avoided inflammatory remarks about Catholicism as a religion. Instead he opposed Catholicism as a dictatorial, anti-republican political system that was dangerous to the United States. He presented evidence that an organization, the St. Leopold Foundation, had been formed to convert immigrants into efficient political agents of the pope. By virtue of their numbers and their blind allegiance to Rome, and because they would eventually be voters Morse concluded that the Irish already had sufficient power to incite mob rule and upset the balance of political power in the United States.
Morse felt it incumbent on himself to alert Americans to this unseen yet mortal threat. He charged that armed Jesuits and Catholic missions were already persuading the poor to interfere in elections. He frantically urged Americans not to
walk on blindly, crying 'all's well.' The enemy is in all our borders. He has spread himself through all the land. . . . Where Popery has put darkness, we must put light. Where popery has planted its crosses, its colleges, its churches, its chapels, its nunneries, Protestant patriotism must put side by side college for college, seminary for seminary, church for church,
in order to "redeem our children from the double bondage of spiritual and temporal slavery, and preserve to them American light and liberty." 30 As those passages indicate, Morse was not shy in Foreign Conspiracy about dressing his evidence in the rhetoric of hysterical nativism.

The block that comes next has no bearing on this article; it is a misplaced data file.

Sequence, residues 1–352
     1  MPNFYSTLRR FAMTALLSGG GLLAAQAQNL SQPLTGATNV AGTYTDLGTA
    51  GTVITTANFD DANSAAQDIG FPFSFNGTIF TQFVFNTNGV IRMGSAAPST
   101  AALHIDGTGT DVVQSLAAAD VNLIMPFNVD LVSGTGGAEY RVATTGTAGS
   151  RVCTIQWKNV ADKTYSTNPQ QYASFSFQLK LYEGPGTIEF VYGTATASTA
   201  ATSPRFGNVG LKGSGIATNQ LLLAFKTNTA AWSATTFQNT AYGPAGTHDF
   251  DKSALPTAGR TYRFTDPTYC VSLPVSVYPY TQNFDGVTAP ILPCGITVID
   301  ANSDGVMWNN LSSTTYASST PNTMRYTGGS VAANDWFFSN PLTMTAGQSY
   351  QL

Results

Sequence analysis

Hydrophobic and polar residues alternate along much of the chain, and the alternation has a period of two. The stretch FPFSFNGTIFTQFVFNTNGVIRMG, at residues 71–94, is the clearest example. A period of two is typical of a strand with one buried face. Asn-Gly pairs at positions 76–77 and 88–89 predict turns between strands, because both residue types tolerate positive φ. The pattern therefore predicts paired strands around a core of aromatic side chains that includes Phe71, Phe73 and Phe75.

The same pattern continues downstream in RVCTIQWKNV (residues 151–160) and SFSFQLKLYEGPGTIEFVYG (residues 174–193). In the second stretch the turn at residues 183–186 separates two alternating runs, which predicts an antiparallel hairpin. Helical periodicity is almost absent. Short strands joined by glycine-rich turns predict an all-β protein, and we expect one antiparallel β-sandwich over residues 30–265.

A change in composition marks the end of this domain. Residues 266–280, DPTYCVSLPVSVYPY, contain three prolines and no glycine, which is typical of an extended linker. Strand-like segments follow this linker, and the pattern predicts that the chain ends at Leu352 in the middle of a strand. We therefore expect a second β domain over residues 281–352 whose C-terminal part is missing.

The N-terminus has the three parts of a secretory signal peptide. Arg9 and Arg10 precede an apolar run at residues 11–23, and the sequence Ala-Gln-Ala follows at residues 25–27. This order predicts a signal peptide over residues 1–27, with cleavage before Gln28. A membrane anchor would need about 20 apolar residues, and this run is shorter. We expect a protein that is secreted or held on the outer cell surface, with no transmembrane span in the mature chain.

Seen in the light of Morse's nativist crusades of the late 1830s, the Gallery of the Louvre stands out as the last of his healthy interchanges with Europe. In that picture he had tried heroically to educate, elevate, influence, and protect the nation's developing culture by negotiating a delicate contract with the artistic patrimony of Europe. But few people in America cared about or even noticed his enterprise. Morse could have played it safe. He could have protected himself and his picture from the harsh light of public opinion by circumscribing its exhibition to the National Academy of Design, where he undoubtedly would have received the praise of his colleagues and the cultured patrons of art. But typically Morse wanted to influence the public, wanted his picture and himself to be agents of reform, wanted to test his worth as a person. In retrospect it was an admirable idea. But one he insisted on implementing on his terms, in his own, obscure discourse, and with his own intellectual and aesthetic biases. And so the Louvre invited catastrophe. The exhibition of a picture of European pictures in the Jacksonian America of 1833, in a city driven, in Morse's own words, by "commerce, commerce, commerce," where "boorishness and ill manners are preferred to polish and refinement," was an act both ambitious and foolish, and one that Morse would never repeat. 31